Monday, November 5, 2012

on writing - first pages

Advice on first pages from agent Sarah Heller and author Kim Moritsugu:

1. The purpose of the first page is to engage the reader and thrust them
into the middle of the action.
2. You need to evoke a scene – what are you seeing, hearing, smelling?
Pick a small slice of life and flesh it out through tone and character.
Compel the reader to read more.
3. Set-ups need to lead to pay offs – if you introduce an interesting idea,
finish it.
4. Don’t drown the reader in adjectives. We see this a lot – you do not
have to write this way. Don’t be overly descriptive. Don’t write in ways
that could not happen in life. If your story is magical, that is okay if we
are still getting a sense of what you mean, but some kinds of fanciful
narration interfere with story. Plus, an overuse of adjectives may
indicate that a writer is trying too hard - a sign of being an amateur.

By Laura Alice Watt

5. Descriptive passages are not always a good thing. If I see long
descriptions of nature in a book, I skip them. If your story is about
relationships or coming of age then it is not about the place, so we need to
see more about the interactions than the place. The more I learn about writing,
the more I learn that the simple story is actually the most complex to write.
6. Engage in a scene – if someone is alone and thinking, that might not do it.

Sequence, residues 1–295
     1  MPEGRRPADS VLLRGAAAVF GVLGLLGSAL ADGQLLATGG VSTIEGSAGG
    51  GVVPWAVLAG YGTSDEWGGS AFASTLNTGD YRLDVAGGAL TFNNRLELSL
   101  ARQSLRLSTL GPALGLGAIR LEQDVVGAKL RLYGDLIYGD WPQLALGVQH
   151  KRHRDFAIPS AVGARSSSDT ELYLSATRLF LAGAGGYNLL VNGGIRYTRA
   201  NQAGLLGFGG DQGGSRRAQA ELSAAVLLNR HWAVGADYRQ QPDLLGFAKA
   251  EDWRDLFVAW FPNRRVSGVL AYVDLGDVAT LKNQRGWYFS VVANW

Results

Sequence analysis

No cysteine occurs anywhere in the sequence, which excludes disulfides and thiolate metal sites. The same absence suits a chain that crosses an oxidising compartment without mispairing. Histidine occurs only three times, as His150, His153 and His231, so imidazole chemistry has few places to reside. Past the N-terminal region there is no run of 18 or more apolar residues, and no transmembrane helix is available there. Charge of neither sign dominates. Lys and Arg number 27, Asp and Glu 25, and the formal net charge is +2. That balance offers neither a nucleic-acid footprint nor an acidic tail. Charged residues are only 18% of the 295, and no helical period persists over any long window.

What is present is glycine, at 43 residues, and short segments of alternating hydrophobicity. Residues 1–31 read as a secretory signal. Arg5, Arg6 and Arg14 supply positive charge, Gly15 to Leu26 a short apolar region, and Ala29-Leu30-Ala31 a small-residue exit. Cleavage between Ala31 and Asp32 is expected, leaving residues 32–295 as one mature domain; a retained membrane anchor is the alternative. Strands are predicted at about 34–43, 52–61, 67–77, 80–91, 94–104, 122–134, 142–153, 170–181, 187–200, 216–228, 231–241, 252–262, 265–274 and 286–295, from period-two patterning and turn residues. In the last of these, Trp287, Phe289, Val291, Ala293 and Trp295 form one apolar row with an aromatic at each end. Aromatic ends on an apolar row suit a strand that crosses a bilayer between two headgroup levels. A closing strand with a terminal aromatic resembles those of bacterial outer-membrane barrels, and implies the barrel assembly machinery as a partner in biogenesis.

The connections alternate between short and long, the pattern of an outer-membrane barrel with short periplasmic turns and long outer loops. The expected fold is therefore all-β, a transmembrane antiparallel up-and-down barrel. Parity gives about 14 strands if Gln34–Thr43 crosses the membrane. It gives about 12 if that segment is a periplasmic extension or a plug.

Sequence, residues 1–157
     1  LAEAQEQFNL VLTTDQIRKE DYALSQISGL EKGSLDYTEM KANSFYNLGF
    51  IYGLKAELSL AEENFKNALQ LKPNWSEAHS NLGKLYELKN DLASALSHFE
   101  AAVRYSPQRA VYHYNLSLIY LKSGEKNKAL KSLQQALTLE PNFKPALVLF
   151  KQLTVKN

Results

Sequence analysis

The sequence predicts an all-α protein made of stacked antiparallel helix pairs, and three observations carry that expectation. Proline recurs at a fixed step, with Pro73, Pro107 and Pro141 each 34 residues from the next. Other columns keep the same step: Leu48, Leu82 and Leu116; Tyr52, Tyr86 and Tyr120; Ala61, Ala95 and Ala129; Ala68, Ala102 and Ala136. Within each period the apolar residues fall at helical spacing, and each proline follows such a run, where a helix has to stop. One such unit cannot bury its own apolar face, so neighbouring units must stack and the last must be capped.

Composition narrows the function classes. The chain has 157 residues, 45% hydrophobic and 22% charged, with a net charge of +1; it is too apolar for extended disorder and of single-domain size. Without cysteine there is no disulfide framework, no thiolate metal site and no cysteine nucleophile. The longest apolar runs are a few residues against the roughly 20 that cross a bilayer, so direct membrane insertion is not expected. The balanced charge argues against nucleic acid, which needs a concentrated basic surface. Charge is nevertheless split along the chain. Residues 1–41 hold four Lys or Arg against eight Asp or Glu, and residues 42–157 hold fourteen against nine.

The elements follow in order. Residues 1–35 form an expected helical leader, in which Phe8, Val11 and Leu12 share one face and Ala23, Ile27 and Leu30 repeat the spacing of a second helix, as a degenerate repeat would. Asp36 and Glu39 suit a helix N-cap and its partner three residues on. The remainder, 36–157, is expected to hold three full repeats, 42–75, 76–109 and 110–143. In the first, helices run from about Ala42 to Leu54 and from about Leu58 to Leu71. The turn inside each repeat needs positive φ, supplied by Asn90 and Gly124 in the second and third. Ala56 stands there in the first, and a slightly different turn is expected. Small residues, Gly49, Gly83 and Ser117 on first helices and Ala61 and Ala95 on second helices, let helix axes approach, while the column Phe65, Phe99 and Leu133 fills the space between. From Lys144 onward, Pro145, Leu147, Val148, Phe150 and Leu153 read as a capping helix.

7. Make sure your narrator does not know too much, as this can be an
example of telling not showing. This pushes the reader out of the experience
and you lose their interest. Let the reader experience it, rather than establish
what the narrator is seeing.
8. I am a fan of being straightforward – the reader should be effortlessly
pulled into the narrative.
9. Starting a book with a character waking up works well in movies but
tends to not work well in novels, unless it is very well done. (I've read this
other places too).

On first person narratives:
1. With the first person narrative, the story must talk about that person’s
experience with his or her voice, even if you are describing what happened to
someone else. Your opening must make the reader curious and want to know
more about that person and their past.
2. Don’t depersonify body parts – say “I reached for,” or, “I saw” instead of,
“my eyes lifted up” – save magic for when it is due, so it is more compelling.
3. You can just say, “The sun is bright outside.” You don’t need to say, “I saw
the sun outside.” Also, it is better to just say, “I saw,” rather than, “I witnessed.”
(Full list at Fiction for a Change)

No comments:

Post a Comment